John Dante is so enmeshed in WW II’s patriotic fever that he can hardly wait for his 18th birthday, in 1942, to enlist. Meanwhile, his sister, stricken with empathy and concern, is engaged to two soldiers and pregnant by a third; Dad, a nuclear physicist, is called from Pittsburgh to California for secret research; and John falls sweetly, ardently in love with pretty Ginny, who urges him to become a conscientious objector. To John, her fervent pacifism is incomprehensible; but as he endures active combat, without relief, until 1945, stereotypes give way to the reality of the enemy’s humanity, and Ginny’s ideas become clear. Still, after his long immersion in horror, John never communicates with her again-until a message at the end of this novel, narrated in 1992 when he’s a retired professor in Canada: “I want you to know that I am really alive. And I still love you.” Yet John has not been “alive” as he might have been: a lifelong solitary, he was even driven from his home by the war (“I could not stay in America because America had not suffered”). Rylant depicts-with some irony and much insight and compassion-the tragedy of young men putting aside their true selves and fighting in a war in which they ultimately lose faith.
Archive for the ‘War and peace’ Category
9 year old Bruno lives in Berlin with his parents and 12 year old sister. His world is turned upside down when he is told that the family is moving from his beautiful home, away from his friends, to a strange place he calls “Out-With”, where a very important man called “The Fury” has sent his father to be in charge. Bruno dislikes Out-With and is very lonely, he can see from his bedroom window that there are lots of people living behind a big wire fence beyond his new home, and wonders why he can’t play with the children there.
He sets off exploring one day and encounters a boy sitting just within the wire fence, they strike up a conversation and begin a beautifully naïve and moving friendship that continues until Bruno makes the innocent but heartbreakingly tragic decision to join his friend on the other side of the fence.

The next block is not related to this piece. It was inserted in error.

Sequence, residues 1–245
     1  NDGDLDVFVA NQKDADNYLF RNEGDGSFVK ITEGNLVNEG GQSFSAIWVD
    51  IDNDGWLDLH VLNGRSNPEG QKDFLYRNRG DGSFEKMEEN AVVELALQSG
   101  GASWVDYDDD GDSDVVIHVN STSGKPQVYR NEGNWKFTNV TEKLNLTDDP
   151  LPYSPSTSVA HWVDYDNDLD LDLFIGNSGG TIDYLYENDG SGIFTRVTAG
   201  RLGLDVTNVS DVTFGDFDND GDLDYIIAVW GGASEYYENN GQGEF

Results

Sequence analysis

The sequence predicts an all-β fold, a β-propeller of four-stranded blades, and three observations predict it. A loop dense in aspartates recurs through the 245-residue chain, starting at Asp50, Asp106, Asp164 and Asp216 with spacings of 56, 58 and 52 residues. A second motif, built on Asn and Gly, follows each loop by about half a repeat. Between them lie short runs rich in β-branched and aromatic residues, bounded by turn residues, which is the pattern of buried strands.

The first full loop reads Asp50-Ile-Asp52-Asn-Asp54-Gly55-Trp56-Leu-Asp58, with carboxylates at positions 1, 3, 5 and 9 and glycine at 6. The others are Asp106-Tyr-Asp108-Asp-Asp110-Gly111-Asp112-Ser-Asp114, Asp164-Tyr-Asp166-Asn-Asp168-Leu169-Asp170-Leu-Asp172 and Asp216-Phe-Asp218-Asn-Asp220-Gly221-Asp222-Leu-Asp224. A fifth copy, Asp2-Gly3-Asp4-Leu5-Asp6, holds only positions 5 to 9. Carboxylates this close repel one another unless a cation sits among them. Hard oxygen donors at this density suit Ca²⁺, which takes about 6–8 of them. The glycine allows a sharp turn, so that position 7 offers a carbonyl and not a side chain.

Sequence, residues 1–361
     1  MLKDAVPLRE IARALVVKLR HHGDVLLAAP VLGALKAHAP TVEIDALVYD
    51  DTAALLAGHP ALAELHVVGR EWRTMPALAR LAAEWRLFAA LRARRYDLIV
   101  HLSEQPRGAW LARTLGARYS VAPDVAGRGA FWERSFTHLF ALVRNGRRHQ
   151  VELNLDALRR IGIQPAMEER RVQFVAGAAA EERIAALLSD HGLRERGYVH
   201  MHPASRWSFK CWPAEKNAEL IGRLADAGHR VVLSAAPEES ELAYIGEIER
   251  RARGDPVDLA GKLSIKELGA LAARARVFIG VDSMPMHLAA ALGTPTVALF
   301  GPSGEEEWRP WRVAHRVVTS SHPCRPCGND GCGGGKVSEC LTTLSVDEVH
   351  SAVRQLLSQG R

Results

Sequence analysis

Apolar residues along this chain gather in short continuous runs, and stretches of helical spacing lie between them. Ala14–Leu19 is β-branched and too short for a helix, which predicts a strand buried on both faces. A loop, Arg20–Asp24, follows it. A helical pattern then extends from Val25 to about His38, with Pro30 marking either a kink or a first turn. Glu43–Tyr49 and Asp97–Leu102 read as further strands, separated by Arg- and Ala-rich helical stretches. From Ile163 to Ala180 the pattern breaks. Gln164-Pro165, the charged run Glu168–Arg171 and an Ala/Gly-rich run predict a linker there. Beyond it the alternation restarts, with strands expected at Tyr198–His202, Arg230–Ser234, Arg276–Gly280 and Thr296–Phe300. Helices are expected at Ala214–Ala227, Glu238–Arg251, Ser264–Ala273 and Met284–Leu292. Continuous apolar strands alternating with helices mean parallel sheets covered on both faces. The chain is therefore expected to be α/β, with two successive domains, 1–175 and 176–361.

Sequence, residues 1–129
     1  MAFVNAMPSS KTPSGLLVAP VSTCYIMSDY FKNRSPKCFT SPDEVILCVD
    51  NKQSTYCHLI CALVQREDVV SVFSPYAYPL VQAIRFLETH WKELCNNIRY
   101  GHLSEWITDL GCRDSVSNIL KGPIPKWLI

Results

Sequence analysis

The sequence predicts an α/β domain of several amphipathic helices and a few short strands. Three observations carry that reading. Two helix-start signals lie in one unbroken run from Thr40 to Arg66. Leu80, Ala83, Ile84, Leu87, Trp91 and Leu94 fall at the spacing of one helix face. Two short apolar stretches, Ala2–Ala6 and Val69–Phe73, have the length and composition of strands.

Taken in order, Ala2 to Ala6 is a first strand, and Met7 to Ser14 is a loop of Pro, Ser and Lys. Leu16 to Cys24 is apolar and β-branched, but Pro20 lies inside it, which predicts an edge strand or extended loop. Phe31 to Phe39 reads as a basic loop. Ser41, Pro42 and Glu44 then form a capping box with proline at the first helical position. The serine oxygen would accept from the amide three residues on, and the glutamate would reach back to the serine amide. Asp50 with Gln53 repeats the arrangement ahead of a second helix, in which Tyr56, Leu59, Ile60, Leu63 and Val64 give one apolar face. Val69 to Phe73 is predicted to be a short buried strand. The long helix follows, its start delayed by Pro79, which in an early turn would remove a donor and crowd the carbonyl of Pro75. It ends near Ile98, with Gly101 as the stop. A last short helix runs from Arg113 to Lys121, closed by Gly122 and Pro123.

Once I escaped from an orphanage to find Mum and Dad.
Once I saved a girl called Zelda from a burning house.
Once I made a Nazi with toothache laugh.
My name is Felix.
This is my story.
Everybody deserves to have something good in their life.
At least once.
It is 1939. Nazi Germany. The country is holding its breath. Death has never been busier, and will become busier still.
Liesel Meminger and her younger brother are being taken by their mother to live with a foster family outside Munich. Liesel’s father was taken away on the breath of a single, unfamiliar word ? Kommunist ? and Liesel sees the fear of a similar fate in her mother’s eyes. On the journey, Death visits the young boy, and notices Liesel. It will be the first of many near encounters. By her brother’s graveside, Liesel’s life is changed when she picks up a single object, partially hidden in the snow. It is The Gravedigger’s Handbook, left there by accident, and it is her first act of book thievery.
So begins a love affair with books and words, as Liesel, with the help of her accordion-playing foster father, learns to read. Soon she is stealing books from Nazi book-burnings, the mayor’s wife’s library, wherever there are books to be found.
But these are dangerous times. When Liesel’s foster family hides a Jewish fist-fighter in their basement, Liesel’s world is both opened up, and closed down.
In Nobel laureate Elie Wiesel’s memoir Night, a scholarly, pious teenager is wracked with guilt at having survived the horror of the Holocaust and the genocidal campaign that consumed his family. His memories of the nightmare world of the death camps present him with an intolerable question: how can the God in whom he once so fervently believed have allowed these monstrous events to occur? There are no easy answers in this harrowing book, which probes life’s essential riddles with the lucid anguish only great literature achieves. It marks the crucial first step in Wiesel’s lifelong project to bear witness for those who died.
When Ellie and her friends go camping, they have no idea they’re leaving their old lives behind forever. Despite a less-than-tragic food shortage and a secret crush or two, everything goes as planned. But a week later, they return home to find their houses empty and their pets starving. Something has gone wrong–horribly wrong. Before long, they realize the country has been invaded, and the entire town has been captured–including their families and all their friends.
Ellie and the other survivors face an impossible decision: They can flee for the mountains or surrender. Or they can fight.